The Night The Moon Almost Got Stuck In Lake Superior

 

The full moon seems glued to the horizon as it rises over Lake Superior last night. The weird distortions result from an inferior mirage.  Bob King

Lake Superior is never boring. Nor is there one moonrise quite like another. That’s why if the sky is clear and the moon is near full — and occasionally when it’s not — I make a point of watching it come up over the big lake. In a city thronged with trees it’s the only refuge for horizon-seekers.

Last night’s sky wasn’t promising. Scattered clouds scuttled about as a blanket of overcast climbed up from the western horizon. A strong wind hammered my back, but at the appointed moment, a tiny spot of bright light appeared in the distance and slowly grew into one of the weirdest moonrises I’ve ever witnessed.

Refraction flattened the rising moon into a cookie, but as it continued to rise, I watched in disbelief as the fluttering apparition morphed into a gumdrop and ultimately a water tower as if glued to the horizon and struggling to break free. When the final strands of light connecting the upper and lower images snapped, the moon hovered over what looks like its reflection in the water.

The familiar hot road mirage. The rear end of the car appears upside-down in the “pool” of water. Brocken Inaglory

That was no reflection. It’s a mirage! Then entire sequence show the progress of an inferior mirage. If you drive a car you’ve seen the same mirage on a hot summer day when the road ahead looks like it’s covered in water. The “water” is actually an image of the sky overhead, and if you look closely the next time you’re on the road you’ll also see an inverted image of the car in the water.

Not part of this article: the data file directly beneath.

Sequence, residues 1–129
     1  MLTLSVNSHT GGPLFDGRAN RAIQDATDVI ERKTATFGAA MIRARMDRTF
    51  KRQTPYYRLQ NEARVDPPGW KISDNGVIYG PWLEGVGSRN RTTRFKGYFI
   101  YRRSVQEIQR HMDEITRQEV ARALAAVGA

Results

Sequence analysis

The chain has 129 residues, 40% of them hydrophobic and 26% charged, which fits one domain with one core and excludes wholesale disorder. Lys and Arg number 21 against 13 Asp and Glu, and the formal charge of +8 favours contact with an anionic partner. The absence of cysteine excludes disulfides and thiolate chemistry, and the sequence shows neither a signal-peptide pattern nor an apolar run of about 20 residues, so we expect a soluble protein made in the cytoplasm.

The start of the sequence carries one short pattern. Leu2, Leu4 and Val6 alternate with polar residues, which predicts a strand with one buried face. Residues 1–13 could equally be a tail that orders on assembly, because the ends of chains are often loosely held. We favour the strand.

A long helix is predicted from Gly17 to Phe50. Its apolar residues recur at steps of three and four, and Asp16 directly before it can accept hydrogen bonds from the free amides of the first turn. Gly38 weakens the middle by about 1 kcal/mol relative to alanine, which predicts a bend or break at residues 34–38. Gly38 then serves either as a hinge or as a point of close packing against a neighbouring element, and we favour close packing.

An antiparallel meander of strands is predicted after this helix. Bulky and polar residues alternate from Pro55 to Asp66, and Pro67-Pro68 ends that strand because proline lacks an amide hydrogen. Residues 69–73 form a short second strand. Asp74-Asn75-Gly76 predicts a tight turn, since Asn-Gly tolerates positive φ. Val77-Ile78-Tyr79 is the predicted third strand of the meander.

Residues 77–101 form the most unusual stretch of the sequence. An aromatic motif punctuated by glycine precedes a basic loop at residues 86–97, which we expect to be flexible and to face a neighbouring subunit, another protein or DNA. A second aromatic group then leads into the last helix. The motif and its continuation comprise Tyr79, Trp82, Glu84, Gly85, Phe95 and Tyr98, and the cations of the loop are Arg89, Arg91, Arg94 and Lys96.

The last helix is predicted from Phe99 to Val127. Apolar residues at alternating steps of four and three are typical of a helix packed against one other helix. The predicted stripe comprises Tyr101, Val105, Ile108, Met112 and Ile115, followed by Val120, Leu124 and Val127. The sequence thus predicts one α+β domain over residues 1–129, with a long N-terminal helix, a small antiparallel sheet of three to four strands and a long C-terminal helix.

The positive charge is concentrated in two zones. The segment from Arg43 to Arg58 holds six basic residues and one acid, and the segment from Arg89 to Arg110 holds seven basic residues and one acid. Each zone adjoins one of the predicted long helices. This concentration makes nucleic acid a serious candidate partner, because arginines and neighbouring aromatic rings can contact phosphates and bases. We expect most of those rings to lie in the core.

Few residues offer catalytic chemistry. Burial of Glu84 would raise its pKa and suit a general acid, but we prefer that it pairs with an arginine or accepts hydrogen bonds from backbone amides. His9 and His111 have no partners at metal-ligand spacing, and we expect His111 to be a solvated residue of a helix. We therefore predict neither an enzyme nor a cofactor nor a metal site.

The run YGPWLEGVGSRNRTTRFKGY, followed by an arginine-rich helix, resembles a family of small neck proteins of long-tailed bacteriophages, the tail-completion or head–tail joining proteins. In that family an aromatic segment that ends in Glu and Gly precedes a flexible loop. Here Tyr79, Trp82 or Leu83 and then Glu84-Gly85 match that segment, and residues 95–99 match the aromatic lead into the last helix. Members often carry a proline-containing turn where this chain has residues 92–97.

In an inferior a big difference in the air temperature at ground or water level compared to the air above causes some of the light rays leaving a distant object to be bent down and then up to your eyes, creating the illusion of a second image below it. Ludovica Lorenzelli / Density Design Research

What looks like water is really sky. When light from the sky passes from cooler air to the hot air immediately above the roadway, it’s bent upward and into your eyes, showing you what appear to be puddles. This mirage is common in deserts as well, leading thirsty hikers to think there’s water just beyond the hills.

When it comes to the sky the unexpected leads to a better understanding of one’s environment and opens our eyes to nature’s eternal creativity.

3 Responses

  1. Edward M Boll

    Evening planets getting more notable. Heading south west after my bus route last night, I saw Venus, from about half an hour to an hour after sunset. I saw Jupiter from 45-75 minutes after sunset. It was about that time, I stepped off of the bus, looked up and there was Saturn and Antares.

  2. Jenns

    Bob….comments you’ve made about the crater Tycho on the Moon has caused a stir among flat Earthers on YouTube when you said Tycho is able to be seen with the naked eye, they’re taking it as meaning the Moon is only 3,700 miles away from Earth as you’re not supposed to be able to see something that’s only 53 miles across(Tycho) on the Moon from Earth at the distance it’s stated to be……I’ve looked at the area where Tycho is a few times with just my eyes & never seen detail of the 53 mile across crater itself, although the bright highland & radials can be seen…..could you please clarify your comments.

    1. astrobob

      Hi Jenns,
      Yes, I don’t believe I said you can see the crater itself with the naked eye. Tycho and its rays together “expand” the diameter of the feature so it’s easily visible with the naked eye if you know where to look. I typically see Tycho as a bright concentration of light within the nimbus of its slightly fainter rays. Likewise, you can routinely see Copernicus, Aristarchus and Kepler not only because of their ray systems but also because they stand out in excellent contrast to the darker lunar seas.

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